In stark contrast to prior analyses on CTS incidence, peak force estimates showed weak positive associations with disability.8 This suggests that while peak force contributes to the development of CTS, once a person has CTS, other factors become relatively more important contributors to disability. This is in line with the phase model of disability18 19 and previous research demonstrating that risk factors for MSD incidence may differ from those for work disability and specific durations or phases of work disability.6 It is also consistent with a substantial body of research suggesting disability is strongly related to psychosocial issues, although that literature is mostly related to spine pain,20–22 and with the pyramid model of disability where different risk factors influence the transition between different states of injury and disability.23

In this regard, perhaps a more important finding from this study was the association between measures of total repetition rate, the % time spent in any hand exertion and some of the measures of disability. These measures were not strongly associated with incident CTS in our prior analyses,8 yet they were associated with disability following CTS. This suggests that once a person meets a CTS case definition, stay-at-work and return-to-work strategies that reduce total repetition and the % time spent in any hand exertion (light or heavy) may reduce some of the measures of future disability. Regardless, it should be noted that these findings suggest that force is still an important predictor of CTS disability when it also includes a measure of duration. The TLV for Hand Activity has performed well as a predictor of incident CTS and may be useful as a surveillance tool.3 9 These findings suggest that separately tracking HAL as a part of surveillance efforts may be useful in building proactive strategies for preventing disability following CTS among workers in high-risk groups.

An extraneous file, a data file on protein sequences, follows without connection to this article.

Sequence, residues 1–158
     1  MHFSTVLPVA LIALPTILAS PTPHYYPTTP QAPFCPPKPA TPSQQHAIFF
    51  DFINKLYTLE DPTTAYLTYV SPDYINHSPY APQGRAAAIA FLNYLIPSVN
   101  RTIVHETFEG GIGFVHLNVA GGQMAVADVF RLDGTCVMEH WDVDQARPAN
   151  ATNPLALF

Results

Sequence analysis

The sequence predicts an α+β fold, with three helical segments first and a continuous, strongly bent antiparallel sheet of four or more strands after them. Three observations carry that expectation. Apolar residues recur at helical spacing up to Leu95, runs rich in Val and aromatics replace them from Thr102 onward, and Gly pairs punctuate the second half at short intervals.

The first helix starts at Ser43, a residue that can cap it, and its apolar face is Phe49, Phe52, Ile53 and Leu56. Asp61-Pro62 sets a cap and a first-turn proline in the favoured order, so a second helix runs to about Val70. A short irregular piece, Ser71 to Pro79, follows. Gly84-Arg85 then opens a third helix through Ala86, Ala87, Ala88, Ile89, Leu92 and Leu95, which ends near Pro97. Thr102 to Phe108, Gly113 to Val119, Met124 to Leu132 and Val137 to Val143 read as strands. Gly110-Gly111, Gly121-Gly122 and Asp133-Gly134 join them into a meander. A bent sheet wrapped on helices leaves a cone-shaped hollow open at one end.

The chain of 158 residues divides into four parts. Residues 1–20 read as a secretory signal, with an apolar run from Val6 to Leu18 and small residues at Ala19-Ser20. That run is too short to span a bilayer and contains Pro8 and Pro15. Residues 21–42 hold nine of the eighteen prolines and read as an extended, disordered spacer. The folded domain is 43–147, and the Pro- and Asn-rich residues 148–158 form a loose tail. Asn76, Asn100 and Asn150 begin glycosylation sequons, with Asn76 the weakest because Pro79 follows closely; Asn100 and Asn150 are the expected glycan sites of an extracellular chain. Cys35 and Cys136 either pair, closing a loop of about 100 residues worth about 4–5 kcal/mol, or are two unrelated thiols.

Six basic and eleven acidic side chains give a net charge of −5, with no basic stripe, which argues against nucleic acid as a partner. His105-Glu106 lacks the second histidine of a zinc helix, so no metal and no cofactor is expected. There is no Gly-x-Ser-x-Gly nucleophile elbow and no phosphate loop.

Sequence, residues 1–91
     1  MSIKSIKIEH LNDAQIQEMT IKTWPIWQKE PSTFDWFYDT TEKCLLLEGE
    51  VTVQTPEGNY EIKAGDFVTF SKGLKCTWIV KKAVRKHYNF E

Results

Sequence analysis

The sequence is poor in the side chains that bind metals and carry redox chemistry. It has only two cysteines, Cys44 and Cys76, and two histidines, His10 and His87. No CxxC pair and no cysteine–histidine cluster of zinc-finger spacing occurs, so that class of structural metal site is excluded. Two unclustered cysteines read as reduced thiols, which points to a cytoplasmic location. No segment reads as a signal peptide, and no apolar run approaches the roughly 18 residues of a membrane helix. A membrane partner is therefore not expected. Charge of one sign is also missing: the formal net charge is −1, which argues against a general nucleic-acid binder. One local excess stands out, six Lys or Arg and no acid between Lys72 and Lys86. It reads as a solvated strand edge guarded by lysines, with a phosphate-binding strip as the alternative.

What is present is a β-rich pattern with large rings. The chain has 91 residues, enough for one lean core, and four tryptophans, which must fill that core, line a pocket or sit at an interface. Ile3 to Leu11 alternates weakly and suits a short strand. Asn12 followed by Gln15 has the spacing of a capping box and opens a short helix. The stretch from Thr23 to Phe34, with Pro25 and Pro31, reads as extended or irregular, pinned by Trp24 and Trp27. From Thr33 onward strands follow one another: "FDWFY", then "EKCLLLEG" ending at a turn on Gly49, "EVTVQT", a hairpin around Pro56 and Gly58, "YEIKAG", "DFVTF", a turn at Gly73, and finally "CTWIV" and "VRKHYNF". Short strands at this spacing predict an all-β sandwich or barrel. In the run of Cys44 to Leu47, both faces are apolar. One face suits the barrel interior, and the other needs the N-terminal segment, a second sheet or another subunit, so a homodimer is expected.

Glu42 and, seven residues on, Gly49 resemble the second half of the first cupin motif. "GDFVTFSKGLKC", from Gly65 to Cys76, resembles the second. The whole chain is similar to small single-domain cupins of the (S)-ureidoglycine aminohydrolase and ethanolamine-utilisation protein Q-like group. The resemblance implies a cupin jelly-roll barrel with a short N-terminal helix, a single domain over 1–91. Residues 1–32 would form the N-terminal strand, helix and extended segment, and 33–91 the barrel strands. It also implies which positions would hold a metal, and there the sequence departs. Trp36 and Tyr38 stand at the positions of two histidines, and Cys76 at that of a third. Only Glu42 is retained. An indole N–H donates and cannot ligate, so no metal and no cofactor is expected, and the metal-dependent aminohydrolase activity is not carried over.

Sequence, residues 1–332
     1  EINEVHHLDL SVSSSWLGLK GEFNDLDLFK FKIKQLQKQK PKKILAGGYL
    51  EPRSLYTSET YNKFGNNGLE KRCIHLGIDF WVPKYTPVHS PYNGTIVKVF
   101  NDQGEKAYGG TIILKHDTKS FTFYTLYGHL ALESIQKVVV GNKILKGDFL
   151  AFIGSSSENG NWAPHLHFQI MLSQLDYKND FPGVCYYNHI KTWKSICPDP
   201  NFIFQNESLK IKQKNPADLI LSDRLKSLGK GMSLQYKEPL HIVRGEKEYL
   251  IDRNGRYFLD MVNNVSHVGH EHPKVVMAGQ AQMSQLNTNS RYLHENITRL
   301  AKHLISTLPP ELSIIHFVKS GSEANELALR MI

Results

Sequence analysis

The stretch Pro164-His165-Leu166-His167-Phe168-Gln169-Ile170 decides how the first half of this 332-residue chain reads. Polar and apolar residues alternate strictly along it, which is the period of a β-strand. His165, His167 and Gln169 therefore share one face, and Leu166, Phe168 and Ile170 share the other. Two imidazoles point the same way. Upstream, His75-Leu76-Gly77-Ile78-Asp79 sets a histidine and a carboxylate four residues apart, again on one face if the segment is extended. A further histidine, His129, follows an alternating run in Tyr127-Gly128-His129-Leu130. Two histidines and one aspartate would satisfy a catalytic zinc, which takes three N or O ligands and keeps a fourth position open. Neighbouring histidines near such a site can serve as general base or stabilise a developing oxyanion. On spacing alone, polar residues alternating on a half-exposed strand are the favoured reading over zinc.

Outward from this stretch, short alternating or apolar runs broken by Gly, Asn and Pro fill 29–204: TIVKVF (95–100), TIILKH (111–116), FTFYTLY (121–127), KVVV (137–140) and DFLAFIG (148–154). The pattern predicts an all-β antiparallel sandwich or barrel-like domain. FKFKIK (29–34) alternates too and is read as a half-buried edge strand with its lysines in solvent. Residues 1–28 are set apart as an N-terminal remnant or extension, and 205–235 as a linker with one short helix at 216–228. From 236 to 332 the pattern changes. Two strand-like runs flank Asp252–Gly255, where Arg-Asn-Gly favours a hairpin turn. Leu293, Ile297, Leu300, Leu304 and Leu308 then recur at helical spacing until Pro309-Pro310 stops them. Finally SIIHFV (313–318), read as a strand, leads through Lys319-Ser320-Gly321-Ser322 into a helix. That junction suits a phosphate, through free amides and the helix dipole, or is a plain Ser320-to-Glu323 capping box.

Study results regarding disability from CTS are similar to what is seen in clinical practice. Our study used a clinically relevant case definition for CTS that requires both symptoms of median neuropathy and electrodiagnostic studies showing slowing of conduction in the median nerve at the wrist.11 Our study found a greater chance of disability among workers with CTS who had more hand intensive activities at work. This finding has been seen in other studies,24 is commonly seen in clinical practice and is reflected in clinical guidelines that recommend modifying work to decrease hand intensive activities among patients with CTS. Our study found that workers with CTS reported decreased pace or quality of work, a finding seen in other studies, where CTS patient reported decreased functional abilities25 including symptoms that interfered with production rates and/or quality of work.26 Clinically, loss of work capacity is commonly seen before the outcomes of lost work or change in jobs.

Strengths and limitations

The pooling of data from four cohort studies that included workers from different industries provides one of the largest and most diverse prospective cohort studies ever assembled for examining risk factors for work disability due to CTS and allows for greater generalisability than any single study sample. The large cohort increases precision of point estimates and allows for exploration of exposure–outcome relationships and thresholds of risk while adjusting for important covariates.

Despite the large size of the pooled cohort, there were not enough incident CTS cases to restrict these analyses to only those workers with incident CTS. Thus, individuals who had CTS at the inception of the cohort(and who subsequently developed CTS-related work disability) were also included. These prevalent CTS workers were likely to be either: (1) at a later stage of disease progression, (2) be chronic cases and/or (3) survivors somehow able to maintain work ability despite having CTS. However, a sensitivity analysis that included only the incident CTS cases showed the same patterns of association and with larger effect estimates indicating attenuation of the rates reported in this analysis of combined CTS incident and prevalent cases. Psychosocial job factors were not assessed at all workplaces and this reduced the number of individuals who had information on both biomechanical and psychosocial measures. Additionally, some studies only assessed psychosocial stress at baseline; thus, only baseline measurements are included in this analysis. Despite this limitation, strong independent effects of low job satisfaction on changes in work pace or quality and of job strain on lost time and job change were found. A much larger sample size would have been needed to determine interaction effects between biomechanical and work psychosocial exposures.